Burnett, who has spent the last two seasons with the Pirates, has said that he would either return to Pittsburgh for the 2014 season or retire.
The city took me in, they took me in more than any team in an city has in my whole career, before I even got here, and that was special to me ... My decision is not playing for another team, it’s whether or not I’m going to play period. That decision is going to be based on my family.
Burnett reestablished himself with the team after struggling with the Yankees from 2009 to 2011. Over the last two seasons, he's started 61 games for the Pirates, going 26-21 with a 3.41 ERA and a 1.23 WHIP in nearly 400 innings. He also played an important role in the team's first postseason run since 1992.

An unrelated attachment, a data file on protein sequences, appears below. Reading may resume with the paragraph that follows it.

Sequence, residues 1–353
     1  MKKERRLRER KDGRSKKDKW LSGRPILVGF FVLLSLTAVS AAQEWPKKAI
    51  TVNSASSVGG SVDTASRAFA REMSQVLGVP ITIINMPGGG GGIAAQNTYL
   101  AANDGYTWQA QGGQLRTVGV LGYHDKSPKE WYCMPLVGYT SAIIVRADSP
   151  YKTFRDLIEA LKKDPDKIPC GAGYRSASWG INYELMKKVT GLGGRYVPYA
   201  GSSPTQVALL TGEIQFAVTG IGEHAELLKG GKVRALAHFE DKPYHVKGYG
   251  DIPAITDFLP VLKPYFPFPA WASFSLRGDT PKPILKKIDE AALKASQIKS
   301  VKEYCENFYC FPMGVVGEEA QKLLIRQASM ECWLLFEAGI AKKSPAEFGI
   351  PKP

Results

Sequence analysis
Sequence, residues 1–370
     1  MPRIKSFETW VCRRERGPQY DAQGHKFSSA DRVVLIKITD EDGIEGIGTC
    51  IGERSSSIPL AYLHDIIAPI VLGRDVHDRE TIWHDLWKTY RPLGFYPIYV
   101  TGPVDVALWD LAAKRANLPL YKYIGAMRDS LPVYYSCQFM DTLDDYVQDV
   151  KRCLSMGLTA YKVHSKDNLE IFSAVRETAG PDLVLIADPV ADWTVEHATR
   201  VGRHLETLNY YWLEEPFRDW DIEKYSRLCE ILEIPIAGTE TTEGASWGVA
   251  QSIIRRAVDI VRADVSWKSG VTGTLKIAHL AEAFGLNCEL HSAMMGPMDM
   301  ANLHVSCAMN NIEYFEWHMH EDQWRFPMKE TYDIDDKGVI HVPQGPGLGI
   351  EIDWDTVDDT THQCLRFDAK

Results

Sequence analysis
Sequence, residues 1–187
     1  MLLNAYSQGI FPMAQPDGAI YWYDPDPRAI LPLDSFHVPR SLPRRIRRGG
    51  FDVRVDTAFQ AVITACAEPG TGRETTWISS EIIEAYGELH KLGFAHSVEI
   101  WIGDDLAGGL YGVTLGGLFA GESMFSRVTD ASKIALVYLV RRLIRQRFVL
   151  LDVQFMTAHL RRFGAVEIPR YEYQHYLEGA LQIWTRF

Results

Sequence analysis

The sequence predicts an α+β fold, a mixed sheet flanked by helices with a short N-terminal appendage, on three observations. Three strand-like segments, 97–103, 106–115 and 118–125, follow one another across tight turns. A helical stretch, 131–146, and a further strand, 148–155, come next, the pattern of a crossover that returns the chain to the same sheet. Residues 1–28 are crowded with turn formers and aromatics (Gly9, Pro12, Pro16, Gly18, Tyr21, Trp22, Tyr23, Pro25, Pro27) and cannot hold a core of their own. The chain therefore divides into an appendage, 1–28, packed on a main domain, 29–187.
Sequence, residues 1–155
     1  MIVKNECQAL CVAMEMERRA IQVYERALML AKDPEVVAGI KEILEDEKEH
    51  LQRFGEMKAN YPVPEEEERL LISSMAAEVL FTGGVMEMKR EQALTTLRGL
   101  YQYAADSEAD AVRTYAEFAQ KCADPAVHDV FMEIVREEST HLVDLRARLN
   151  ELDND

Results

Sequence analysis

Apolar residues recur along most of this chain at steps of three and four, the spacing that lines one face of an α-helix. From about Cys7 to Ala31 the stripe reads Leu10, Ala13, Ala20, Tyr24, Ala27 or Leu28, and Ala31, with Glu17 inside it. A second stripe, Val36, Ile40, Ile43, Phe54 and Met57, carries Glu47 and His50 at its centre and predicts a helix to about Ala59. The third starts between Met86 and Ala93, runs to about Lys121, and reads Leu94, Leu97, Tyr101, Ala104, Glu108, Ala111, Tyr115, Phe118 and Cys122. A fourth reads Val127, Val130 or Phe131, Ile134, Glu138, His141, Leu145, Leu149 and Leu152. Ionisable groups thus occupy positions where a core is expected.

The Pirates could look to replace Burnett internally if he decides to retire. They relied heavily on young arms like Gerrit Cole and Jeff Locke last season, and they have respectable options in the minors -- such as Jameson Taillon and Phil Irwin. As it stands now, the rotation would feature Locke and Cole, as well as Francisco Liriano and Wandy Rodriguez.
In the interview, Searage also mentioned his work with the existing pitching staff at the Pirates' minor league facility in Bradenton, Fla. He's currently working with free agent reclamation project Edinson Volquez, attempting to "keep things simple" in acclimating him to the team.
If Burnett retires, the Pirates will a few options to chose from in replacing him, but if he decides to pitch in 2014, Pittsburgh still appears to be the only team he would consider.